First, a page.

Solution of skill Assessment Control Systems Engineering By Norman S.Nise 6th edition

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Solution of Skill Assessment Control Systems Engineering By Norman S.Nise 6th edition International Student Version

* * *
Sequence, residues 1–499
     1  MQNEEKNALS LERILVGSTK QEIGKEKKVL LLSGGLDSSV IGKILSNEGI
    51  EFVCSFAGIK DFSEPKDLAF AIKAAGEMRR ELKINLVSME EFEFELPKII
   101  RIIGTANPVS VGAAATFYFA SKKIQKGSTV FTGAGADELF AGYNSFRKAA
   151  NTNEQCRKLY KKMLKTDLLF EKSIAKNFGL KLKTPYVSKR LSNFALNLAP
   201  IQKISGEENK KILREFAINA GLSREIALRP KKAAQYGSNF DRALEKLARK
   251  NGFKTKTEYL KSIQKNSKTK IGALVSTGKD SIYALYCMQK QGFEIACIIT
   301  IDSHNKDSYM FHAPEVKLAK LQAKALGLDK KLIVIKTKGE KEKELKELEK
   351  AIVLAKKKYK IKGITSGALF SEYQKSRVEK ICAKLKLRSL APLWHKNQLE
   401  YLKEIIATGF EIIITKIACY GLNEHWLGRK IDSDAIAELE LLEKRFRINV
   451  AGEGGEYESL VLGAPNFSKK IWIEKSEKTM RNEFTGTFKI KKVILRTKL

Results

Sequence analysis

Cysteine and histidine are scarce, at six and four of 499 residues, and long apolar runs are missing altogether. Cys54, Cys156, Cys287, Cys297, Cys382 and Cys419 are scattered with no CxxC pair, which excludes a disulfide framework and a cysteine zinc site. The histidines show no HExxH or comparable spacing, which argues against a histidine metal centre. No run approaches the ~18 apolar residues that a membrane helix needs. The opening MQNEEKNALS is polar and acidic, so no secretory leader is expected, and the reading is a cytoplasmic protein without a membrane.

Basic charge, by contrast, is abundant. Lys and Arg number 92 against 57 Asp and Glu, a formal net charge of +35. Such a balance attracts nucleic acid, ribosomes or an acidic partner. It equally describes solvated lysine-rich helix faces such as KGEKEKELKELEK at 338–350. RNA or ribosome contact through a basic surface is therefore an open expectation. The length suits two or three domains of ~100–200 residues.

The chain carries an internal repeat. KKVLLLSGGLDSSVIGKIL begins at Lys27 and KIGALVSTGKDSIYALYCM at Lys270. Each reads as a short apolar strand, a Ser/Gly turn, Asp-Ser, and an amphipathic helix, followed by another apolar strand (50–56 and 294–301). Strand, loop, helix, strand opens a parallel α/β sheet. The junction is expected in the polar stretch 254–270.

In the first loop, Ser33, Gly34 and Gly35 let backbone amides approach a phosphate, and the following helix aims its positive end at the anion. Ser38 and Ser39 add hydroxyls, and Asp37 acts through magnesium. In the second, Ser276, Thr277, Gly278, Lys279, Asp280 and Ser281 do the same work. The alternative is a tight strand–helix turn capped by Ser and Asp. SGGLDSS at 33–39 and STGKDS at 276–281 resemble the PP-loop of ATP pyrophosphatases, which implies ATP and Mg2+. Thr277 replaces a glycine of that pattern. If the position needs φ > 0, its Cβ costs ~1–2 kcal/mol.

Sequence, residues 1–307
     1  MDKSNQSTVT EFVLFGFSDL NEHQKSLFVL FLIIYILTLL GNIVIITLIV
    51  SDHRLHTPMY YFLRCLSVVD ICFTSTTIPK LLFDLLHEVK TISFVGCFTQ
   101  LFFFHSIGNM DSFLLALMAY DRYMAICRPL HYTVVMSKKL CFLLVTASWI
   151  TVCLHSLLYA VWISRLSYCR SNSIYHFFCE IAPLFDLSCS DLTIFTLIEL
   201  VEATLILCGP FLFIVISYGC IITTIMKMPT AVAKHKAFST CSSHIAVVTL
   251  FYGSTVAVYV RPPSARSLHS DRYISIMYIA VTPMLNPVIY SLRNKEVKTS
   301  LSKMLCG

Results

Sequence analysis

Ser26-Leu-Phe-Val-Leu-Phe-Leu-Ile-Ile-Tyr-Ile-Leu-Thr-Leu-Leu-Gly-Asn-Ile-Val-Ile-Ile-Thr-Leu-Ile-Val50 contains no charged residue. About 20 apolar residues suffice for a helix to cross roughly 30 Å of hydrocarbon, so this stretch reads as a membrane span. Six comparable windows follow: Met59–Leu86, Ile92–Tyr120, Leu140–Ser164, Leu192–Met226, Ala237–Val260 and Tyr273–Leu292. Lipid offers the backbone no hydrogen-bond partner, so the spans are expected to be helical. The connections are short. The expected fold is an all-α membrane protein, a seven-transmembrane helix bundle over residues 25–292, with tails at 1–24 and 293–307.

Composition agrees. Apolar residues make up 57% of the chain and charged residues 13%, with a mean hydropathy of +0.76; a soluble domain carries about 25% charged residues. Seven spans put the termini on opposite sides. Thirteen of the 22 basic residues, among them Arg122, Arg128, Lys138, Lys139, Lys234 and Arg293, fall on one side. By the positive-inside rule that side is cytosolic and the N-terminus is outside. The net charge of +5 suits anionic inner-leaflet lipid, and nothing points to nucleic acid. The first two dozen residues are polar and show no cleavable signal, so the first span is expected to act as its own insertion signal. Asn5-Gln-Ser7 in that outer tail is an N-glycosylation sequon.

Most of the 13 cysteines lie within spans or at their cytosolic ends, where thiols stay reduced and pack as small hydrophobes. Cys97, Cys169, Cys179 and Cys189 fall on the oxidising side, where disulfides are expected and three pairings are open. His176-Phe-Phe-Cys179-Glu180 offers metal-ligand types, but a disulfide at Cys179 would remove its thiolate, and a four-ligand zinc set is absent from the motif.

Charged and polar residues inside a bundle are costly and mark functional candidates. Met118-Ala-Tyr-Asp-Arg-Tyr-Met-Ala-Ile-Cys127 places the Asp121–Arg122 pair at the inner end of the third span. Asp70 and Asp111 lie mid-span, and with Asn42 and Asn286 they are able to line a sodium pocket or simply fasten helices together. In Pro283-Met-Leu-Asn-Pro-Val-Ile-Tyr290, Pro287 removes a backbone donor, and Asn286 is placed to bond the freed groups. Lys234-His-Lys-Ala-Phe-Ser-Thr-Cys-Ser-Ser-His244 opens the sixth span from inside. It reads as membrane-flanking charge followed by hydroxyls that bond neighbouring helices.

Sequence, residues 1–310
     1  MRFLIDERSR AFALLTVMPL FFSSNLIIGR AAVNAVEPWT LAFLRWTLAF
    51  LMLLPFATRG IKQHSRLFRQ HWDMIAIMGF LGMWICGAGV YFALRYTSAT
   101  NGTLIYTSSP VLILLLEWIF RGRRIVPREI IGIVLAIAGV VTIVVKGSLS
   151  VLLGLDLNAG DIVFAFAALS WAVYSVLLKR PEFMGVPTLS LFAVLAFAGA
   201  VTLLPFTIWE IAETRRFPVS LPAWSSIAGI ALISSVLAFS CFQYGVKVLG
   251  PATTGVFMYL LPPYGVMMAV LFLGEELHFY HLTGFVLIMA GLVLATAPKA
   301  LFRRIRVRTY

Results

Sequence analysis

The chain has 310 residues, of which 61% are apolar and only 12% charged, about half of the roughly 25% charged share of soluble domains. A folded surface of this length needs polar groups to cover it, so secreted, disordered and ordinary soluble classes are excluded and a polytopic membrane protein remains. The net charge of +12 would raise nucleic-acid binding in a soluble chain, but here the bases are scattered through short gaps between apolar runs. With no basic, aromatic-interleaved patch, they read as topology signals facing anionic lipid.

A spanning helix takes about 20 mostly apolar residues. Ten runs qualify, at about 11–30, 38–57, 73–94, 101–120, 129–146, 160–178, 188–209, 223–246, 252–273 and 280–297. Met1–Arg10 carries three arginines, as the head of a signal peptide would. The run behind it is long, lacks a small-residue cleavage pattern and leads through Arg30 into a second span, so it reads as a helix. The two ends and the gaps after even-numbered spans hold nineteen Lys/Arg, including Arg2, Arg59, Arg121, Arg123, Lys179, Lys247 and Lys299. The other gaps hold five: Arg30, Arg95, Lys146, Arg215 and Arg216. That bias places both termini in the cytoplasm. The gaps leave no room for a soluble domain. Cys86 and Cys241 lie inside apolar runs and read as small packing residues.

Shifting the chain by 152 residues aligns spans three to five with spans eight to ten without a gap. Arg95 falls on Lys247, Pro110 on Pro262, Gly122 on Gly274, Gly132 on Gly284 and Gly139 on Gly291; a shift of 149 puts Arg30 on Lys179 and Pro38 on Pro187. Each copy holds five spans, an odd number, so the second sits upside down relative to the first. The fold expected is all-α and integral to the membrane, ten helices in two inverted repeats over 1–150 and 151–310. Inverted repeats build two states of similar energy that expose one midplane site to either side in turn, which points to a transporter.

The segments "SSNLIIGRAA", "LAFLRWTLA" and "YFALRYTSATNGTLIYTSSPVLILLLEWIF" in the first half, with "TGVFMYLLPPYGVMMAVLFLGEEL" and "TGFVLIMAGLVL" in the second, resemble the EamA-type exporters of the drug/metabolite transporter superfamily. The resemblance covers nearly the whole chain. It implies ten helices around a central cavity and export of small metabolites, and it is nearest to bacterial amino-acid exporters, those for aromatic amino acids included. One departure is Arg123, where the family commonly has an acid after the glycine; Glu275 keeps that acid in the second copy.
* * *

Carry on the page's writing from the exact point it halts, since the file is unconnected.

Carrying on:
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<ul><li>1.E1SM 11/11/2010 9:29:8 Page 1 Solutions to Skill-Assessment Exercises CHAPTER 2 2.1 The Laplace transform of t is 1 s2 using Table 2.1, Item 3. Using Table 2.2, Item 4, F s 1 s 5 2 . 2.2 Expanding F(s) by partial fractions yields: F s A s B s 2 C s 3 2 D s 3 where, A 10 s 2 s 3 2S!0 5 9 B 10 s s 3 2S!2 5 C 10 s s 2 S!3 10 3 ; and D s 3 2 dF s ds s!3 40 9 Taking the inverse Laplace transform yields, f t 5 9 5e2t 10 3 te3t 40 9 e3t 2.3 Taking the Laplace transform of the differential equation assuming zero initial conditions yields: s3 C s 3s2 C s 7sC s 5C s s2 R s 4sR s 3R s Collecting terms, s3 3s2 7s 5 C s s2 4s 3 R s Thus, C s R s s2 4s 3 s3 3s2 7s 5 1 </li></ul><p>2. E1SM 11/11/2010 9:29:8 Page 2 2.4 G s C s R s 2s 1 s2 6s 2 Cross multiplying yields, d2 c dt2 6 dc dt 2c 2 dr dt r 2.5 C s R s G s 1 s2 s s 4 s 8 1 s s 4 s 8 A s B s 4 C s 8 where A 1 s 4 s 8 S!0 1 32 B 1 s s 8 S!4 1 16 ; and C 1 s s 4 S!8 1 32 Thus, c t 1 32 1 16 e4t 1 32 e8t 2.6 Mesh Analysis Transforming the network yields, +V(s) I1(s) I2(s) V1(s) V2(s) I9(s) + 1 1 s s s _ _ Now, writing the mesh equations, s 1 I1 s sI2 s I3 s V s sI1 s 2s 1 I2 s I3 s 0 I1 s I2 s s 2 I3 s 0 Solving the mesh equations for I2(s), I2 s s 1 V s 1 s 0 1 1 0 s 2 s 1 s 1 s 2s 1 1 1 1 s 2 s2 2s 1 V s s s2 5s 2 2 Solutions to Skill-Assessment Exercises 3. E1SM 11/11/2010 9:29:8 Page 3 But, VL s sI2 s Hence, VL s s2 2s 1 V s s2 5s 2 or VL s V s s2 2s 1 s2 5s 2 Nodal Analysis Writing the nodal equations, 1 s 2 V1 s VL s V s V1 s 2 s 1 VL s 1 s V s Solving for VL(s), VL s 1 s 2 V s 1 1 s V s 1 s 2 1 1 2 s 1 s2 2s 1 V s s2 5s 2 or VL s V s s2 2s 1 s2 5s 2 2.7 Inverting G s Z2 s Z1 s 100000 105 =s s Noninverting G s Z1 s Z s Z1 s 105 s 105 ! 105 s ! s 1 2.8 Writing the equations of motion, s2 3s 1 X1 s 3s 1 X2 s F s 3s 1 X1 s s2 4s 1 X2 s 0 Chapter 2 Solutions to Skill-Assessment Exercises 3 4. E1SM 11/11/2010 9:29:9 Page 4 Solving for X2(s), X2 s s2 3s 1 F s 3s 1 0 s2 3s 1 3s 1 3s 1 s2 4s 1 3s 1 F s s s3 7s2 5s 1 Hence, X2 s F s 3s 1 s s3 7s2 5s 1 2.9 Writing the equations of motion, s2 s 1 u1 s s 1 u2 s T s s 1 u1 s 2s 2 u2 s 0 where u1 s is the angular displacement of the inertia. Solving for u2 s , u2 s s2 s 1 T s s 1 0 s2 s 1 s 1 s 1 2s 2 s 1 F s 2s3 3s2 2s 1 From which, after simplification, u2 s 1 2s2 s 1 2.10 Transforming the network to one without gears by reflecting the 4 N-m/rad spring to the left and multiplying by (25/50)2 , we obtain, Writing the equations of motion, s2 s u1 s sua s T s su1 s s 1 ua s 0 where u1 s is the angular displacement of the 1-kg inertia. Solving for ua s , ua s s2 s T s s 0 s2 s s s s 1 sT s s3 s2 s 4 Solutions to Skill-Assessment Exercises 5. E1SM 11/11/2010 9:29:9 Page 5 From which, ua s T s 1 s2 s 1 But, u2 s 1 2 ua s : Thus, u2 s T s 1=2 s2 s 1 2.11 First find the mechanical constants. Jm Ja JL 1 5 1 42 1 400 1 400 2 Dm Da DL 1 5 1 42 5 800 1 400 7 Now find the electrical constants. From the torque-speed equation, set vm 0 to find stall torque and set Tm 0 to find no-load speed. Hence, Tstall 200 vnoload 25 which, Kt Ra Tstall Ea 200 100 2 Kb Ea vnoload 100 25 4 Substituting all values into the motor transfer function, um s Ea s KT RaJm s s 1 Jm Dm KTKb Ra 1 s s 15 2 where um s is the angular displacement of the armature. Now uL s 1 20 um s . Thus, uL s Ea s 1=20 s s 15 2 2.12 Letting u1 s v1 s =s u2 s v2 s =s Chapter 2 Solutions to Skill-Assessment Exercises 5 6. E1SM 11/11/2010 9:29:9 Page 6 in Eqs. 2.127, we obtain J1s D1 K s v1 s K s v2 s T s K s v1 s J2s D2 K s v2 s From these equations we can draw both series and parallel analogs by considering these to be mesh or nodal equations, respectively. + J1 J1 J2 J2 D1 D1 D2 D2 T(t) T(t) w1(t) w1(t) w2(t) w2(t) 1 1 K 1 1 Series analog Parallel analog K 2.13 Writing the nodal equation, C dv dt ir 2 i t But, C 1 v vo dv ir evr ev evodv Substituting these relationships into the differential equation, d vo dv dt evodv 2 i t 1 We now linearize ev . The general form is f v f vo % df dv vo dv Substituting the function, f v ev , with v vo dv yields, evodv evo % dev dv vo dv 6 Solutions to Skill-Assessment Exercises 7. E1SM 11/11/2010 9:29:10 Page 7 Solving for evodv , evodv evo dev dv vo dv evo evo dv Substituting into Eq. (1) ddv dt evo evo dv 2 i t 2 Setting i t 0 and letting the circuit reach steady state, the capacitor acts like an open circuit. Thus, vo vr with ir 2. But, ir evr or vr lnir. Hence, vo ln 2 0:693. Substituting this value of vo into Eq. (2) yields ddv dt 2dv i t Taking the Laplace transform, s 2 dv s I s Solving for the transfer function, we obtain dv s I s 1 s 2 or V s I s 1 s 2 about equilibrium: CHAPTER 3 3.1 Identifying appropriate variables on the circuit yields + + C1 iL iC2 iC1 iR C2 R L vo(t)v1(t) Writing the derivative relations C1 dvC1 dt iC1 L diL dt vL C2 dvC2 dt iC2 1 Chapter 3 Solutions to Skill-Assessment Exercises 7 8. E1SM 11/11/2010 9:29:10 Page 8 Using Kirchhoffs current and voltage laws, iC1 iL iR iL 1 R vL vC2 vL vC1 vi iC2 iR 1 R vL vC2 Substituting these relationships into Eqs. (1) and simplifying yields the state equations as dvC1 dt 1 RC1 vC1 1 C1 iL 1 RC1 vC2 1 RC1 vi diL dt 1 L vC1 1 L vi dvC2 dt 1 RC2 vC1 1 RC2 vC2 1 RC2 vi where the output equation is vo vC2 Putting the equations in vector-matrix form, _x 1 RC1 1 C1 1 RC1 1 L 0 0 1 RC2 0 1 RC2 2 6 6 6 6 6 6 6 4 3 7 7 7 7 7 7 7 5 x 1 RC1 1 L 1 RC2 2 6 6 6 6 6 6 6 4 3 7 7 7 7 7 7 7 5 vi t y 0 0 1 x 3.2 Writing the equations of motion s2 s 1 X1 s sX2 s F s sX1 s s2 s 1 X2 s X3 s 0 X2 s s2 s 1 X3 s 0 Taking the inverse Laplace transform and simplifying, x1 _x1 x1 _x2 f x2 _x1 _x2 x2 x3 x3 _x3 x3 x2 Defining state variables, zi, z1 x1; z2 _x1; z3 x2; z4 _x2; z5 x3; z6 _x3 8 Solutions to Skill-Assessment Exercises 9. E1SM 11/11/2010 9:29:10 Page 9 Writing the state equations using the definition of the state variables and the inverse transform of the differential equation, _z1 z2 _z2 x1 _x1 x1 _x2 f z2 z1 z4 f _z3 _x2 z4 _z4 x2 _x1 _x2 x2 x3 z2 z4 z3 z5 _z5 _x3 z6 _z6 x3 _x3 x3 x2 z6 z5 z3 The output is z5. Hence, y z5. In vector-matrix form, _z 0 1 0 0 0 0 1 1 0 1 0 0 0 0 0 1 0 0 0 1 1 1 1 0 0 0 0 0 0 1 0 0 1 0 1 1 2 6 6 6 6 6 6 6 6 4 3 7 7 7 7 7 7 7 7 5 z 0 1 0 0 0 0 2 6 6 6 6 6 6 6 6 4 3 7 7 7 7 7 7 7 7 5 f t ; y 0 0 0 0 1 0 z 3.3 First derive the state equations for the transfer function without zeros. X s R s 1 s2 7s 9 Cross multiplying yields s2 7s 9 X s R s Taking the inverse Laplace transform assuming zero initial conditions, we get x 7_x 9x r Defining the state variables as, x1 x x2 _x Hence, _x1 x2 _x2 x 7_x 9x r 9x1 7x2 r Using the zeros of the transfer function, we find the output equation to be, c 2_x x x1 2x2 Putting all equation in vector-matrix form yields, _x 0 1 9 7# x 0 1# r c 1 2 x Chapter 3 Solutions to Skill-Assessment Exercises 9 10. E1SM 11/11/2010 9:29:11 Page 10 3.4 The state equation is converted to a transfer function using G s C sI A 1 B 1 where A 4 1:5 4 0 ! ; B 2 0 ! ; and C 1:5 0:625 : Evaluating sI A yields sI A s 4 1:5 4 s ! Taking the inverse we obtain sI A 1 1 s2 4s 6 s 1:5 4 s 4 ! Substituting all expressions into Eq. (1) yields G s 3s 5 s2 4s 6 3.5 Writing the differential equation we obtain d2 x dt2 2x2 10 df t 1 Letting x xo dx and substituting into Eq. (1) yields d2 xo dx dt2 2 xo dx 2 10 df t 2 Now, linearize x2 . xo dx 2 x2 o d x2 dx xo dx 2xodx from which xo dx 2 x2 o 2xodx 3 Substituting Eq. (3) into Eq. (1) and performing the indicated differentiation gives us the linearized intermediate differential equation, d2 dx dt2 4xodx 2x2 o 10 df t 4 The force of the spring at equilibrium is 10 N. Thus, since F 2x2 ; 10 2x2 o from which xo 5 p 10 Solutions to Skill-Assessment Exercises 11. E1SM 11/11/2010 9:29:11 Page 11 Substituting this value of xo into Eq. (4) gives us the final linearized differential equation. d2 dx dt2 4 5 p dx df t Selecting the state variables, x1 dx x2 _dx Writing the state and output equations _x1 x2 _x2 dx 4 5 p x1 df t y x1 Converting to vector-matrix form yields the final result as _x 0 1 4 5 p 0 ! x 0 1 ! df t y 1 0 x CHAPTER 4 4.1 For a step input C s 10 s 4 s 6 s s 1 s 7 s 8 s 10 A s B s 1 C s 7 D s 8 E s 10 Taking the inverse Laplace transform, c t A Bet Ce7t De8t Ee10t 4.2 Since a 50; Tc 1 a 1 50 0:02s; Ts 4 a 4 50 0:08 s; and Tr 2:2 a 2:2 50 0:044 s. 4.3 a. Since poles are at 6 j 19:08; c t A Be6t cos 19:08t f . b. Since poles are at 78:54 and 11:46; c t A Be78:54t Ce11:4t . c. Since poles are double on the real axis at 15 c t A Be15t Cte15t : d. Since poles are at j 25; c t A B cos 25t f . 4.4 a. vn 400 p 20 and 2zvn 12; ;z 0:3 and system is underdamped. b. vn 900 p 30 and 2zvn 90; ;z 1:5 and system is overdamped. c. vn 225 p 15 and 2zvn 30; ;z 1 and system is critically damped. d. vn 625 p 25 and 2zvn 0; ;z 0 and system is undamped. Chapter 4 Solutions to Skill-Assessment Exercises 11 12. E1SM 11/11/2010 9:29:13 Page 12 4.5 vn 361 p 19 and 2zvn 16; ;z 0:421: Now, Ts 4 zvn 0:5 s and Tp p vn 1 z2 p 0:182 s. From Figure 4.16, vnTr 1:4998. Therefore, Tr 0:079 s. Finally, %os e zp 1 p z2 100 23:3% 4.6 a. The second-order approximation is valid, since the dominant poles have a real part of 2 and the higher-order pole is at 15, i.e. more than five-times further. b. The second-order approximation is not valid, since the dominant poles have a real part of 1 and the higher-order pole is at 4, i.e. not more than five-times further. 4.7 a. Expanding G(s) by partial fractions yields G s 1 s 0:8942 s 20 1:5918 s 10 0:3023 s 6:5 . But 0:3023 is not an order of magnitude less than residues of second-order terms (term 2 and 3). Therefore, a second-order approximation is not valid. b. Expanding G(s) by partial fractions yields G s 1 s 0:9782 s 20 1:9078 s 10 0:0704 s 6:5 . But 0.0704 is an order of magnitude less than residues of second-order terms (term 2 and 3). Therefore, a second-order approximation is valid. 4.8 SeeFigure4.31inthetextbookfortheSimulinkblockdiagramandtheoutputresponses. 4.9 a. Since sI A s 2 3 s 5 ! ; sI A 1 1 s2 5s 6 s 5 2 3 s ! : Also, BU s 0 1= s 1 # . The state vector is X s sI A 1 x 0 BU s 1 s 1 s 2 s 3 2 s2 7s 7 s2 4s 6# . The output is Y s 1 3 X s 5s2 2s 4 s 1 s 2 s 3 0:5 s 1 12 s 2 17:5 s 3 . Taking the inverse Laplace transform yields y t 0:5et 12e2t 17:5e3t . b. The eigenvalues are given by the roots of jsI Aj s2 5s 6, or 2 and 3. 4.10 a. Since sI A s 2 2 s 5 ! ; sI A 1 1 s2 5s 4 s 5 2 2 s ! . Taking the Laplace transform of each term, the state transition matrix is given by F t 4 3 et 1 3 e4t 2 3 et 2 3 e4t 2 3 et 2 3 e4t 1 3 et 4 3 e4t 2 6 6 4 3 7 7 5: 12 Solutions to Skill-Assessment Exercises 13. E1SM 11/11/2010 9:29:13 Page 13 b. Since F t t 4 3 e tt 1 3 e4 tt 2 3 e tt 2 3 e4 tt 2 3 e tt 2 3 e4 tt 1 3 e tt 4 3 e4 tt 2 6 6 4 3 7 7 5 and Bu t 0 e2t ! ; F t t Bu t 2 3 et et 2 3 e2t e4t 1 3 et et 4 3 e2t e4t 2 6 6 4 3 7 7 5: Thus, x t F t x 0 Rt 0 F t t BU t dt 10 3 et e2t 4 3 e4t 5 3 et e2t 8 3 e4t 2 6 6 4 3 7 7 5 c. y t 2 1 x 5et e2t CHAPTER 5 5.1 Combine the parallel blocks in the forward path. Then, push 1 s to the left past the pickoff point. 1 s s s s s2 + 1 + R(s) C(s) Combine the parallel feedback paths and get 2s. Then, apply the feedback formula, simplify, and get, T s s3 1 2s4 s2 2s . 5.2 Find the closed-loop transfer function, T s G s 1 G s H s 16 s2 as 16 , where and G s 16 s s a and H s 1. Thus, vn 4 and 2zvn a, from which z a 8 . But, for 5% overshoot, z ln % 100 p2 ln2 % 100s 0:69. Since, z a 8 ; a 5:52. Chapter 5 Solutions to Skill-Assessment Exercises 13 14. E1SM 11/11/2010 9:29:13 Page 14 5.3 Label nodes. ++ + R(s) s s N1 (s) N2 (s) N3 (s) N4 (s) N6 (s)N5 (s) N7 (s) s C(s) 1 s 1 s Draw nodes. R(s) N1(s) N2(s) N5(s) N7(s) N6(s) N3(s) N4(s) C (s) Connect nodes and label subsystems. R(s) C(s)1 1 s s 1 ss 1 1 1 1 1 sN1 (s) N2 (s) N5 (s) N6 (s) N7 (s) N3 (s) N4 (s) Eliminate unnecessary nodes. R(s) C(s)1 ss 1 s 1 s s 1 14 Solutions to Skill-Assessment Exercises 15. E1SM 11/11/2010 9:29:14 Page 15 5.4 Forward-path gains are G1G2G3 and G1G3. Loop gains are G1G2H1; G2H2; and G3H3. Nontouching loops are G1G2H1 G3H3 G1G2G3H1H3 and G2H2 G3H3 G2G3H2H3. Also, D 1 G1G2H1 G2H2 G3H3 G1G2G3H1H3 G2G3H2H3: Finally, D1 1 and D2 1. Substituting these values into T s C s R s P k TkDk D yields T s G1 s G3 s 1 G2 s 1 G2 s H2 s G1 s G2 s H1 s 1 G3 s H3 s 5.5 The state equations are, _x1 2x1 x2 _x2 3x2 x3 _x3 3x1 4x2 5x3 r y x2 Drawing the signal-flow diagram from the state equations yields 1 s 1 s 1 s11 1 1 5 4 23 3 r x1x2x3 y 5.6 From G s 100 s 5 s2 5s 6 we draw the signal-flow graph in controller canonical form and add the feedback. 1 5 6 100 500 1 y r 1 s 1 sx1 x2 Chapter 5 Solutions to Skill-Assessment Exercises 15 16. E1SM 11/11/2010 9:29:14 Page 16 Writing the state equations from the signal-flow diagram, we obtain x 105 506 1 0# x 1 0# r y 100 500 x 5.7 From the transformation equations, P1 3 2 1 4 ! Taking the inverse, P 0:4 0:2 0:1 0:3 ! Now, P1 AP 3 2 1 4# 1 3 4 6# 0:4 0:2 0:1 0:3# 6:5 8:5 9:5 11:5# P1 B 3 2 1 4# 1 3# 3 11# CP 1 4 0:4 0:2 0:1 0:3# 0:8 1:4 Therefore, _z 6:5 8:5 9:5 11:5# z 3 11# u y 0:8 1:4 z 5.8 First find the eigenvalues. jlI Aj l 0 0 l ! 1 3 4 6 ! l 1 3 4 l 6 l2 5l 6 From which the eigenvalues are 2 and 3. Now use Axi lxi for each eigenvalue, l. Thus, 1 3 4 6 ! x1 x2 ! l x1 x2 ! For l 2, 3x1 3x2 0 4x1 4x2 0 16 Solutions to Skill-Assessment Exercises 17. E1SM 11/11/2010 9:29:15 Page 17 Thus x1 x2 For l 3 4x1 3x2 0 4x1 3x2 0 Thus x1 x2 and x1 0:75x2; from which we let P 0:707 0:6 0:707 0:8 ! Taking the inverse yields P1 5:6577 4:2433 5 5 ! Hence, D P1 AP 5:6577 4:2433 5 5# 1 3 4 6# 0:707 0:6 0:707 0:8# 2 0 0 3# P1 B 5:6577 4:2433 5 5# 1 3# 18:39 20# CP 1 4 0:707 0:6 0:707 0:8# 2:121 2:6 Finally, _z 2 0 0 3# z 18:39 20# u y 2:121 2:6 z CHAPTER 6 6.1 Make a Routh table. s7 3 6 7 2 s6 9 4 8 6 s5 4.666666667 4.333333333 0 0 s4 4.35714286 8 6 0 s3 12.90163934 6.426229508 0 0 s2 10.17026684 6 0 0 s1 1.18515742 0 0 0 s0 6 0 0 0 Since there ar...</p>